Moral Hazard and the Socialistic Underwriting of Risk

by Jan 28, 2013

Given the utter failure of our government in recent years, it should be evident to everyone that the federal government should not meddle in private economic affairs. Nevertheless, that lesson has not been learned. Perhaps there is no place where this truth is surer than the insurance business. During the 1960s the federal government monopolized flood insurance in this country. In doing so it put U.S. taxpayers on the hook for billions of dollars of losses in property damage resulting from various floods in our nation. In no place has the foolishness of this policy been more evident than in the aftermath of the hurricanes that ravaged the country in recent years. Katrina and other storms like it prove the folly of this practice. Such so-called insurance was at heart responsible for the enormous size of the catastrophe that befell the city of New Orleans.

One of the main problems in underwriting the risks associated with property losses is identifying the likelihood of incurring them. Moreover, this problem is complicated by the fact that those purchasing insurance do not practice as good of safety measures as they would have if they were personally responsible for the losses themselves. This kind of lax behavior on the part of the insured is called the problem of moral hazard. Private insurers generally account for such behavior by placing restrictions on policy holders which require them to undertake certain safety measures. In addition, they also adjust premium payments to account for any remaining losses that might arise for this reason. The full premium charged by the insurer is designed to provide sufficient funds to cover any losses while providing the insurance company with a return on investment.

The essential problem that has arisen since the government’s entrance into the flood insurance business is that it neither adequately accounts for the underlying risks associated with the kind of insurance provided nor does it account for the problem of moral hazard. Unlike private insurers, the federal government does not operate for profit and thus has no reason to adequately address the fundamental elements of insurance. Rather, it simply assigns a premium and if that is insufficient to cover the losses that result from some natural disaster it calls upon taxpayers to pay the remainder. As a result, taxpayers are expected to pay regardless of the size of loss.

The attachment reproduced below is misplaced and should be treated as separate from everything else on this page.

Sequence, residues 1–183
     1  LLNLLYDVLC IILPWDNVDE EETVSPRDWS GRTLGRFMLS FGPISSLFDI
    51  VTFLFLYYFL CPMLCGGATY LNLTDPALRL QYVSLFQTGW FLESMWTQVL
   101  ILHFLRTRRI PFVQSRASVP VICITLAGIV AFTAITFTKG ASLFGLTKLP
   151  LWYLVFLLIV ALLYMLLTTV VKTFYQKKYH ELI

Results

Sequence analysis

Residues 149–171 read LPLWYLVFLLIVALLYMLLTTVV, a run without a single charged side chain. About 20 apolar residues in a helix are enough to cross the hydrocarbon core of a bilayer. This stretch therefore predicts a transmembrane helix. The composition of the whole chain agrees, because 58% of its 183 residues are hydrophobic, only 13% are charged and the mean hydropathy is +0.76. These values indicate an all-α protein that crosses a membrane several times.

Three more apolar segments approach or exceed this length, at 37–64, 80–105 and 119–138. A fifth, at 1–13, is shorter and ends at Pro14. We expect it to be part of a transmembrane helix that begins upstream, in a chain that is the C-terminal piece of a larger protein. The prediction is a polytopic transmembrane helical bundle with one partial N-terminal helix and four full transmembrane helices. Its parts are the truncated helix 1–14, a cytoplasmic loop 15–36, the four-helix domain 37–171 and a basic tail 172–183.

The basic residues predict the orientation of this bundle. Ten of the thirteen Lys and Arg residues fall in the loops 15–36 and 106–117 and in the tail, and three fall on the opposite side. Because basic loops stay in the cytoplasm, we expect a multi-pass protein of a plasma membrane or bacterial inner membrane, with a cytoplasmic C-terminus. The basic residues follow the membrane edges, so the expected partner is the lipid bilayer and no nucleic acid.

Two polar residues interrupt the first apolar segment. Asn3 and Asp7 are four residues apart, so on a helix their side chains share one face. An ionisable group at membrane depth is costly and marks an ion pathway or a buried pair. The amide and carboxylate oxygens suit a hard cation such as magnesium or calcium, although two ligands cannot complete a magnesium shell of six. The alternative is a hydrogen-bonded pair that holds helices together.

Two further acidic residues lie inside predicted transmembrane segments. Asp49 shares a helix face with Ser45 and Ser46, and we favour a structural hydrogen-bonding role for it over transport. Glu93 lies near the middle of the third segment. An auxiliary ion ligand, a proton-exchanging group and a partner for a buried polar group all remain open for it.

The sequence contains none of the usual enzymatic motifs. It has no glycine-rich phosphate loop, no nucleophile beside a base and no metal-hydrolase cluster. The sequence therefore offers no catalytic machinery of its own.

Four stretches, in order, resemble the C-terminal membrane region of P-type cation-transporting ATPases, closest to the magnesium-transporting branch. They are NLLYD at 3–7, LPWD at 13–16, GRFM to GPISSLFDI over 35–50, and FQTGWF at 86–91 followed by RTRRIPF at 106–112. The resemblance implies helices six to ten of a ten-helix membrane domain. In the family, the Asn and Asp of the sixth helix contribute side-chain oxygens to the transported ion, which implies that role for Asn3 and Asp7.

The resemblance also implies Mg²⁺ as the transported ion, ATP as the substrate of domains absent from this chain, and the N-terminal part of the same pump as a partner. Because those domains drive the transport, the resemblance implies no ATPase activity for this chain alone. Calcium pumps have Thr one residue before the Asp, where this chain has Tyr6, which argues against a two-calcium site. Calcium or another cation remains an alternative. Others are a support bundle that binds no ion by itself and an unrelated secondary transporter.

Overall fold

The problem of moral hazard in this case becomes especially pernicious. Since the government is not especially interested in linking premiums to expected losses, it also does not account for the problem of moral hazard. That is, no further requirement is needed to build in a flood plain than to pay the fixed premium. As a result, more construction in such zones is encouraged even though that raises the likelihood of even greater losses should something bad occur. This was especially evident in the case of New Orleans. Even though it was well known that the levies were insufficient to withstand a storm the size of Katrina, the lack of such a storm over the years coupled with the underwriting of moral hazard by the federal government led to real estate development projects that greatly exceeded what would have likely been built if the owners of that property had been forced to buy insurance in a private market. That is, the federal government essentially encouraged a disaster on a grander scale than what would have been the case had the federal government never entered the flood insurance business.

One would think that now is a good time to rethink such government involvement and begin to limit its activities in what are essentially private matters in order to more adequately protect ourselves from future disasters. However, it does not appear that this is the direction that the debate is taking. Instead, many advocate even greater government involvement. But this would be the most foolish course of action and will eventually insure even grander disasters than that caused by Katrina. The world we live in is not perfectly safe and disasters will occur. Whether it is flood insurance, or health insurance, or any other form of insurance, we can be sure that the government’s involvement will be disastrous.

Paul Cleveland

Boundary Stone was started by Dr. Paul Cleveland. Working as a professor for over 35 years has allowed him to study and think deeply about issues of political economy. He has discovered ways to communicate these sometimes illusive concepts to today's students, often through story telling, which makes understanding these principles more accessible to all of us.


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